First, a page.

People that feel an earthquake may report their experience to the US Geographic Survey. Currently, 1 person has reported shaking in one place in Solomon Islands.We keep updating this article as more ground reports become available. You may report that you felt this earthquake here.

Places with most reports:

  • Honiara, Guadalcanal, Solomon Islands: 1 person.

Risk of aftershocks?

We monitor for foreshocks or aftershocks that have a magnitude of 2.5+ and occur within 100km (62 mi) of the epicenter of this earthquake. So far no such earthquakes have been detected.

The risk of aftershocks decreases rapidly over time. Usually, aftershocks are at least one order of magnitude lower than a main shock.

It's always adviced to be cautious of the risk of a larger shock following any significant earthquake, however this risk is fairly small. There is a roughly 94 percent change that no larger main shock will follow in the days following this earthquake.

Read: How to Stay Safe during an Earthquake (cdc.gov).

Earthquakes like this happen often in the region

Earthquakes of this strength are very common in the region. This is the strongest earthquake to hit since January 18th, 2024, when a 5.8 magnitude earthquake hit 161 km (100 mi) further north-east. An even stronger magnitude 7.2 earthquake struck on June 15th, 2023.

In total, 52 earthquakes with a magnitude of 5.8 or higher have been registered within 300km (186 mi) of this epicenter in the past 10 years. This comes down to an average of once every 2 months.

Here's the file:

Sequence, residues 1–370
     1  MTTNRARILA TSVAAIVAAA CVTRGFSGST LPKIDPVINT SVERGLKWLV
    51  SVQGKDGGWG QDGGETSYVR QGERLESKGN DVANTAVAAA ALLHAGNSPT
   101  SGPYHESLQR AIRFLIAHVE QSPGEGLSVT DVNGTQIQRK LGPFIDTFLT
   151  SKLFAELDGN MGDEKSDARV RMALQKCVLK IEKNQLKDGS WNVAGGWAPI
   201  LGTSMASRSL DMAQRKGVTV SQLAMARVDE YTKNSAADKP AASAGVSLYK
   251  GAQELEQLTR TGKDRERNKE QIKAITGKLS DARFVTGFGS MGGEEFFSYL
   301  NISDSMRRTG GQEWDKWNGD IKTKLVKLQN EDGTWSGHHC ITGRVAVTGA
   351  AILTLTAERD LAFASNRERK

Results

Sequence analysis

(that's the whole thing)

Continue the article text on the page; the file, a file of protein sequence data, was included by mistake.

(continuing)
Tsunami very unlikely

DISCLAIMER: We strongly suggest to closely monitor advice from local authorities with regards to tsunami risks. Our analysis is based on automatically collected data from external sources, and these might contain mistakes. In addition, earthquakes can cause landslides that may lead to a tsunami, or be a followed by another, potentially stonger, earthquake.

For a serious tsunami to occur, earthquakes usually need to have a magnitude of at least 6.5 and occur at a shallow depth of maximum 100km. Neither are the case with this earthquake. However always stay cautious and monitor advice from local authorities.

Tsunami Risk Factors

Factor Under Sea? MAG-6.5 or stronger? Shallow depth?
Explanation Almost all tsunami's are caused by earthquakes with their epicenter under sea or very near the sea. However stay cautious in coastal areas as earthquakes on land may cause landslides into sea, potentially still causing a local tsunami. Under MAG 6.5: Very unlikely to cause a tsunami.
MAG 6.5 to 7.5: Destructive tsunami's do occur, but are uncommon. Likely to observe small sea level changes.
MAG 7.6+: Earthquakes with these magnitudes might produce destructive tsunami's.
Most destructive tsunami's are caused by shallow earthquakes with a depth between 0 and 100km under the surface of the earth. Deeper tsunami's are unlikely to displace to ocean floor.
This Earthquake This earthquake appears to have struck under the sea. Not this earthquake.
This earthquake had a magnitude of 5.8. Earthquakes of this strength are unlikely to trigger a tsunami.
Not this earthquake.
This earthquake occurred at a depth of 175 km (109 mi). Earthquakes this deep in the earth are unlikely to trigger a tsunami.

Sources

Last updated 03/03/24 02:58 (). As more information on this earthquake becomes available this article will be updated. This article is automatically composed based on data originating from multiple sources.

  1. US Geographic Society (USGS): Earthquake us7000lv7d
  2. European-Mediterranean Seismological Centre (EMSC): Earthquake 20240131_0000125
  3. Geonames.org: World Cities Database
  4. Google Maps: Static API
  5. Earthquakelist.org: Historic Earthquakes Database